How to Run the Solution

As always, we can try out this code using an online Rust compilerOpens in a new tab.. All we need to do is drop the code into the editor and hit run.

Alternatively, we can download the latest Rust compilerOpens in a new tab. and a copy of the solutionOpens in a new tab.. Then, assuming the compiler is in the path, navigate to folder with the solution and run the following in Windows:

rustc hello-world.rs

Of course, in Unix-based environments, the following will run the new binary:


And, that’s it! “Hello, World!” should print directly to the console.

Sample Programs in Every Language

Phew! That was a tough one for me. While I’m familiar with compilers, macros are brand new to me. I wasn’t expecting to struggle this much with a simple Hello World program. In fact, I’ve found that even some of the esoteric languages like Brainf*ck are easier comprehend. But, who doesn’t love a challenge? I imagine I’ll run into plenty of these kind of road blocks on this journey.

At any rate, thanks for stopping by. Up next, we’ll be moving to the web programming realm with an implementation of Hello World in JavaScript. After that, we’ll tackle PHP. If you loved this article or you want to see more, let me know in the comments. It’s the only way I can get better!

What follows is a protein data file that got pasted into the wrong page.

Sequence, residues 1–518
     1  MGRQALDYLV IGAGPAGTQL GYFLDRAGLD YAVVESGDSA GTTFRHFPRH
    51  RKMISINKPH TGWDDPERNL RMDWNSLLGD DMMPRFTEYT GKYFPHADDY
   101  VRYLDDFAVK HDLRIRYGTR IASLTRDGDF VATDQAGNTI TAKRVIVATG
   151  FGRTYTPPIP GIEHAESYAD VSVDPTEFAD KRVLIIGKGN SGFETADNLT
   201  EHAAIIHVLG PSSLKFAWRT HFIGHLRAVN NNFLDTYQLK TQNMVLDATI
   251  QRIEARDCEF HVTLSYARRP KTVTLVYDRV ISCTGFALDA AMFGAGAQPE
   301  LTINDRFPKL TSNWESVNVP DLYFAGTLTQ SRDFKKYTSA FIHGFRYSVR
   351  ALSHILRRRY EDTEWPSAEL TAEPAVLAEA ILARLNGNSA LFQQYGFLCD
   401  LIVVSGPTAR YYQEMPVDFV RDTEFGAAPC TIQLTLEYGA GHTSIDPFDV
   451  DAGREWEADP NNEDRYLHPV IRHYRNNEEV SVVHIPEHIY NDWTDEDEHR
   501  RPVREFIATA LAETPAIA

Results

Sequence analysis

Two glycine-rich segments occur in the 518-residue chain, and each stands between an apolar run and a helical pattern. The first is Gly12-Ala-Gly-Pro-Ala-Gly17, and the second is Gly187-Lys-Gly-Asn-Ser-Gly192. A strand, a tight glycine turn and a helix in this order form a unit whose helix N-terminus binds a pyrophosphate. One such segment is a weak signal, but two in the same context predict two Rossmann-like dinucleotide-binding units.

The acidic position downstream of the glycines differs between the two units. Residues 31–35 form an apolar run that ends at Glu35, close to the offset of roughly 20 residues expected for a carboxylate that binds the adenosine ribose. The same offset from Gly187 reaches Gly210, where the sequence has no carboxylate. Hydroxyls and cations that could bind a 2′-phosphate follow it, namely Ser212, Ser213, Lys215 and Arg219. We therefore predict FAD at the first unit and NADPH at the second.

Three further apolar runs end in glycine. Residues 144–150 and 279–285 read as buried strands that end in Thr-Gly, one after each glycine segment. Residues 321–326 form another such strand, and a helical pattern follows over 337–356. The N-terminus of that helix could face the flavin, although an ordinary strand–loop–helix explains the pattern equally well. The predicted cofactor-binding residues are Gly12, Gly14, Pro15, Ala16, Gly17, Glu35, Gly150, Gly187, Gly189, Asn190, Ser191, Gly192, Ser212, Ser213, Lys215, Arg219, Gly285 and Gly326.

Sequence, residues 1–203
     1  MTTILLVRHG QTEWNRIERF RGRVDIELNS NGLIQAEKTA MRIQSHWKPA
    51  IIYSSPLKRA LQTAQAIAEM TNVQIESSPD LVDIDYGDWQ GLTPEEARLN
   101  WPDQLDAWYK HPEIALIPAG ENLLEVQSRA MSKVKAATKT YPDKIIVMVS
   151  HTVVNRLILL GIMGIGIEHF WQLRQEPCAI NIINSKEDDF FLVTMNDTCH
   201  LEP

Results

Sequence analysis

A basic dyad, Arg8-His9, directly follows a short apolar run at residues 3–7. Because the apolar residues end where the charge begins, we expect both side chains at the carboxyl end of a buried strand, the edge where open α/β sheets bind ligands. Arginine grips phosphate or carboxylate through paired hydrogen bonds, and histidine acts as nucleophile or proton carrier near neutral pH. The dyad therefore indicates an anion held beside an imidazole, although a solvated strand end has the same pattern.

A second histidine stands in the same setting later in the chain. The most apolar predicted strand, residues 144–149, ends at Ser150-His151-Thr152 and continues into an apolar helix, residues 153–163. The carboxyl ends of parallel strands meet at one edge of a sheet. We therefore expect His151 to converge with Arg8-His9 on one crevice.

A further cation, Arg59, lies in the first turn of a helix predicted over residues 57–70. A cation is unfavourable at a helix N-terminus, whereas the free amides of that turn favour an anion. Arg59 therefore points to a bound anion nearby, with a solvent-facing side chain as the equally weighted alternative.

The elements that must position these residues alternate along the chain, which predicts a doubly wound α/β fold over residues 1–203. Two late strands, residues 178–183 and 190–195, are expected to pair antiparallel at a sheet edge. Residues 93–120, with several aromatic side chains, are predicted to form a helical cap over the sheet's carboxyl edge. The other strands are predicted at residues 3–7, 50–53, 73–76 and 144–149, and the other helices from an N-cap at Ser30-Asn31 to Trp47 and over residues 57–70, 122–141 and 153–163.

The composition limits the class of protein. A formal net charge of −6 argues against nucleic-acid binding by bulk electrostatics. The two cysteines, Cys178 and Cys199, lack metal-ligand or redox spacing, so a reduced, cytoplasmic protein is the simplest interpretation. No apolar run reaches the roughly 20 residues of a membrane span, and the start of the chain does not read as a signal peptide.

Sample Programs in Every Language (44 Articles)—Series Navigation

For 100 Days of Code, I’ve decided to implement a few sample programs in as many languages as possible. Each implementation details a brief history of the language and a description of the code.

The plan for the series is to explore the major general-purpose language like Java, Python, C, C++, and C#. From there, we’ll take a look at some sample programs in web development languages like Ruby, PHP, and JavaScript. As we continue, we’ll cover proprietary languages like Swift and Objective-C. Eventually, we’ll start to tackle less popular languages like Rust, x86, and Verilog. Finally, we’ll play around with some of the esoteric languages like Brainf*ck and LOLCODE.

Who knows? Maybe the Sample Programs in Every Language series will become so popular it’ll never end. To help this series grow, consider sharing it on social media with your friends. Or, if you have a language you want to see, drop your suggestion in the comments.

Jeremy Grifski

Jeremy grew up in a small town where he enjoyed playing soccer and video games, practicing taekwondo, and trading Pokémon cards. Once out of the nest, he pursued a Bachelors in Computer Engineering with a minor in Game Design. After college, he spent about two years writing software for a major engineering company. Then, he earned a master's in Computer Science and Engineering. Today, he pursues a PhD in Engineering Education in order to ultimately land a teaching gig. In his spare time, Jeremy enjoys spending time with his wife, playing Overwatch and Phantasy Star Online 2, practicing trombone, watching Penguins hockey, and traveling the world.